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Sunday morning


Jared was still staring at his phone when Emily came rushing in from the kitchen.

“Did you see it?” she asked.

It was a text from Mom: I’m so sorry. I need to get away for a while to think. Be in touch when I can. I love you.

But it didn’t feel right. All while Mom had been gone, she’d called. Why text now? Afraid they’d talk her out of leaving?

“I saw,” Jared answered. “Hold up.”

He hit the button to dial Mom.

“We know her phone is on,” he said to Emily as it rang. “Let’s try her. Maybe if she knows Dad is out …”

But it went to voicemail, just like when Emily had tried earlier. Mom really didn’t want to talk. Or maybe didn’t want to be found. Phones had GPS. There were ways to turn it off without turning off your phone, but Mom might not know them. Did she think they were going to track her down?

He hung up without leaving a message. Emily looked like she was going to cry again, and Jared couldn’t blame her. He wanted to rip Mom a new one for what she was doing to Emily, and was immediately ashamed of it. Wasn’t that the same thing he’d done when Mom moved out? Default to anger. What the hell was wrong with him?

“Text her back,” Jared said, afraid of what he might type. “If that’s how she wants to communicate, text her.”

Emily sat down next to him on the living room couch and started typing feverishly. When she hit send, she looked up, spearing him with her gaze. “Now you,” she said.

Jared felt hot and cold all at the same time. A message that would bring Mom back and not drive her away. It seemed impossible.

“I don’t know what to say.”

“Tell her how much we miss her. Tell her about school. Say anything. Make her want us.”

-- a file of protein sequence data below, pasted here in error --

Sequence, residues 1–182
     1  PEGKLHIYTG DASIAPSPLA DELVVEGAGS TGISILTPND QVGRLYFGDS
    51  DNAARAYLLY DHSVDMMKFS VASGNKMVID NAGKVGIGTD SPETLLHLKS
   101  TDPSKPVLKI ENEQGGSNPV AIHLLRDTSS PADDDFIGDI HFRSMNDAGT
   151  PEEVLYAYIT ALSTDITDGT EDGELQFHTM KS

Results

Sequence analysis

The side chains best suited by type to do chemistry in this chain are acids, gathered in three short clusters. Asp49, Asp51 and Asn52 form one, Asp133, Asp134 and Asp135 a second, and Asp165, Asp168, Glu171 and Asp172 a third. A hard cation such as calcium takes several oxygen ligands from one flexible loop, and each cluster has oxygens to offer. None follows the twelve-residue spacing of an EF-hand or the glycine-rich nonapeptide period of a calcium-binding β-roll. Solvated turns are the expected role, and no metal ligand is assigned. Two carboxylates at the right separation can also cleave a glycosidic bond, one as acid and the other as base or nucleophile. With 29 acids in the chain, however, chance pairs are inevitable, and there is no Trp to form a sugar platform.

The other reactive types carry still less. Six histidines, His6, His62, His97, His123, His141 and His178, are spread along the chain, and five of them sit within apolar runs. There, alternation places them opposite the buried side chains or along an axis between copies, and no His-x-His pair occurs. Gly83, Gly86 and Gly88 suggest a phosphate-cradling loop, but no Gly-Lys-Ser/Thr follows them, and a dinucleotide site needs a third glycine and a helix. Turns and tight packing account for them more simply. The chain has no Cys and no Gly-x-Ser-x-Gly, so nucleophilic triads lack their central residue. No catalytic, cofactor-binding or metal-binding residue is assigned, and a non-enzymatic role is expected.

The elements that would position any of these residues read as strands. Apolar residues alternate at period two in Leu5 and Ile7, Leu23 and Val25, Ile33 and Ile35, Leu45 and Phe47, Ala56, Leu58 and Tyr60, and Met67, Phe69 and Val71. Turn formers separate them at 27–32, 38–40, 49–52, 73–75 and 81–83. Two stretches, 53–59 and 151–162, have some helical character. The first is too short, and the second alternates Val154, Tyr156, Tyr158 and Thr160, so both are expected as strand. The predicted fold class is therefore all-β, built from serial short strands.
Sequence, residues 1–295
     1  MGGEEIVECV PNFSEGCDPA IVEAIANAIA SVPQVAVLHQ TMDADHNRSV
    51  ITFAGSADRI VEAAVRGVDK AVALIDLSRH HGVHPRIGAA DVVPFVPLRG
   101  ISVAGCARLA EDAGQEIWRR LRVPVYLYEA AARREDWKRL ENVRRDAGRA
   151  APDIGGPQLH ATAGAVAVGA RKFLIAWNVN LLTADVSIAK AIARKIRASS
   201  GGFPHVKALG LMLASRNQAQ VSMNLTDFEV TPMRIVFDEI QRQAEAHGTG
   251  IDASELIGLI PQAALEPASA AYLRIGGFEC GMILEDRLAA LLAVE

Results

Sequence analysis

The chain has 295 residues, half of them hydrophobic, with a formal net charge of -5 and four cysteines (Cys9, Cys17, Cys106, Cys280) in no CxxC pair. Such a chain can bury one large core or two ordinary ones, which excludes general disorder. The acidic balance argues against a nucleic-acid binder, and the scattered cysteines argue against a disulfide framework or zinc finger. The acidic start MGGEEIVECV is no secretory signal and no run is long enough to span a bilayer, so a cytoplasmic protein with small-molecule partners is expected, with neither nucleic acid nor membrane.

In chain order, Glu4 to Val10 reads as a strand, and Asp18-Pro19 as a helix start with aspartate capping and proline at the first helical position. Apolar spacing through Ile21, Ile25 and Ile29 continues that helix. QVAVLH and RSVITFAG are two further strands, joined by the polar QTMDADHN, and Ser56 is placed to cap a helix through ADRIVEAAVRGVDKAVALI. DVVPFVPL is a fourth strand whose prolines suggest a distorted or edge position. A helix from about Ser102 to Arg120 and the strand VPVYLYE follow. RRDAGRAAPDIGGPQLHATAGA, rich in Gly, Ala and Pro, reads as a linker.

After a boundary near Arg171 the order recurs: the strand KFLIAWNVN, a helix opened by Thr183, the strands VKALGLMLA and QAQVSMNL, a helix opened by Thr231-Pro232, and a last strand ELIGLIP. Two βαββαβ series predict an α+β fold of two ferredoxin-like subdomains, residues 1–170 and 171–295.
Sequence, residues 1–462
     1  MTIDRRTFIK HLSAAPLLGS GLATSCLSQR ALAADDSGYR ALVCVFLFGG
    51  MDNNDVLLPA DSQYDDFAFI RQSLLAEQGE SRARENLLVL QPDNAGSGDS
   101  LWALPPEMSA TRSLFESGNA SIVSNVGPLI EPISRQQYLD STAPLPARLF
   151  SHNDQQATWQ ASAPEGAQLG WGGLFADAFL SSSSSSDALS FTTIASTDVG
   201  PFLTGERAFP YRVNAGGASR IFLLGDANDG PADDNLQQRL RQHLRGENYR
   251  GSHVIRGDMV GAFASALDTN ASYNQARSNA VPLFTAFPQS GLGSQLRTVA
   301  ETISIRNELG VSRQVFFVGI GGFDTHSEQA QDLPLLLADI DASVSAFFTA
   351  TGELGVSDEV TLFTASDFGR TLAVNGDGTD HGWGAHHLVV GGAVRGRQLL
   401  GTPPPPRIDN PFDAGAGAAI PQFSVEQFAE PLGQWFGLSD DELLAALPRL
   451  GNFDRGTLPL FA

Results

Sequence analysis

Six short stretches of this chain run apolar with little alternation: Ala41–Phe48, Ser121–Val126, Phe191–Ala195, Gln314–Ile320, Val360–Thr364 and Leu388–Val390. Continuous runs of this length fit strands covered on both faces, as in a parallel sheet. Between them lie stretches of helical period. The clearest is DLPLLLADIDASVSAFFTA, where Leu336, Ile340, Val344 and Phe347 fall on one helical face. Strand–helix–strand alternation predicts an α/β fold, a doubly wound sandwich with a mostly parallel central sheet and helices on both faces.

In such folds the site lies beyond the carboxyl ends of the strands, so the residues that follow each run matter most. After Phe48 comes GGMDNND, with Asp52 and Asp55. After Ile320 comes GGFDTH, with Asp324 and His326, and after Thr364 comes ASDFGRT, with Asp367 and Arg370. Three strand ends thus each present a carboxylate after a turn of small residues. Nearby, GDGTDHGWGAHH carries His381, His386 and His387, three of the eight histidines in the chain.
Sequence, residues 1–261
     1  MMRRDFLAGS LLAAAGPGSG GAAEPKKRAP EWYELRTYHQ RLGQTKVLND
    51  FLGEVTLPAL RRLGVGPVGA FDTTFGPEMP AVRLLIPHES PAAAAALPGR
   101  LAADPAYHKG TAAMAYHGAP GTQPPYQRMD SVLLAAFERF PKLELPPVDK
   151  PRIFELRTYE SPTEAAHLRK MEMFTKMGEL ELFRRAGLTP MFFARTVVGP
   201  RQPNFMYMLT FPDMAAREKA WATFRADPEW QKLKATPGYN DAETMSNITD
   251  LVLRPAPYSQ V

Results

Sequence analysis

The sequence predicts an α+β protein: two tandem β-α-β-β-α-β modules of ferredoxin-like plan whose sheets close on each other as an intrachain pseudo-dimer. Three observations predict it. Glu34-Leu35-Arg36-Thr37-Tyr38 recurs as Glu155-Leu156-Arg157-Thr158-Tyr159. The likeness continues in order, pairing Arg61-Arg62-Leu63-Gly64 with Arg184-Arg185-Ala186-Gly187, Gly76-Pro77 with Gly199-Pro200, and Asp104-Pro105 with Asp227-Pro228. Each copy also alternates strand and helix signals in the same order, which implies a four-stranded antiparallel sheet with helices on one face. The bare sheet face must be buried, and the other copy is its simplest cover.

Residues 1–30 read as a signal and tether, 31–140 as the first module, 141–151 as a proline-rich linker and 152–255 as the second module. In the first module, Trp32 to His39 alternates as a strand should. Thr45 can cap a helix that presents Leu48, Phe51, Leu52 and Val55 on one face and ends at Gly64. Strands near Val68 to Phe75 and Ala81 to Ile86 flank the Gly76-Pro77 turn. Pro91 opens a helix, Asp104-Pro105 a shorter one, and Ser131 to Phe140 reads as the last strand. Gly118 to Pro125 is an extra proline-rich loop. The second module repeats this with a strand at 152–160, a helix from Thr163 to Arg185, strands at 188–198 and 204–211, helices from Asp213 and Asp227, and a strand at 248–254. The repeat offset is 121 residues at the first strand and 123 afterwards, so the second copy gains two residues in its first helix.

Her voice cracked, and Jared’s hands tightened on his phone, as if he could take out all of his aggressions on it.

“I’ll try,” he said.

He stared at his phone for a full minute before typing, Mom, you have to come home. Dad’s not even here right now. You can come and go without seeing him. Emily is in tears. She’s so hurt. She doesn’t understand. Neither of us does. Explain it to us.

They both sat there waiting for an answer, ignoring the TV Jared had paused in the background. Seconds felt like minutes that felt like hours. No response came.

“At least we know she’s okay,” Jared said. He did feel better about that. Some knotted up part of him released.

Emily sniffled.

He held one arm out to her, and she skootched along the couch to settle under it. They weren’t a really touchy-feely family. They probably hadn’t cuddled up together since they were kids, falling asleep on each other in the backseat of a car during road trips. Happier times. But he hugged her now and she hugged back. He kissed the top of her head like Gran had done and reached for the TV remote, ignoring the fact that things looked a little blurry, like he had tears gathering in his own eyes. He tried to wipe them away with a shrug of his shoulder, but he only had one free, and it didn’t work very well.

He hit the play button on the remote to reanimate the Simpsons, and sat there watching with Emily until their father came home. Emily hopped up to show Dad the text, but Jared didn’t move. He felt like he was made of lead and couldn’t imagine what it would take to get him off the couch. Mom was gone. Nothing else seemed important.

His phone lit up again in his lap and pinged with the sound of an incoming text, and his heart gave a leap. For the first time since he’d known her, he was disappointed to see it was just Aaliyah. He’d never before thought “just” and Aaliyah in the same sentence.

Hey, you. Sorry, I slept in. Hope you got back to sleep. How’s your morning going? You at your Mom’s? Is it nice?